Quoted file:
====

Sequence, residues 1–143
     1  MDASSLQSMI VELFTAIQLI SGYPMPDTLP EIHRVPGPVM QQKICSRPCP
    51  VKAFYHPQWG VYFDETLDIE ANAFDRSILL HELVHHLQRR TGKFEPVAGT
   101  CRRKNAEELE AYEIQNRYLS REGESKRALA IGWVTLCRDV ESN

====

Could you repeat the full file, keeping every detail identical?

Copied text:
Sequence, residues 1–143
     1  MDASSLQSMI VELFTAIQLI SGYPMPDTLP EIHRVPGPVM QQKICSRPCP
    51  VKAFYHPQWG VYFDETLDIE ANAFDRSILL HELVHHLQRR TGKFEPVAGT
   101  CRRKNAEELE AYEIQNRYLS REGESKRALA IGWVTLCRDV ESN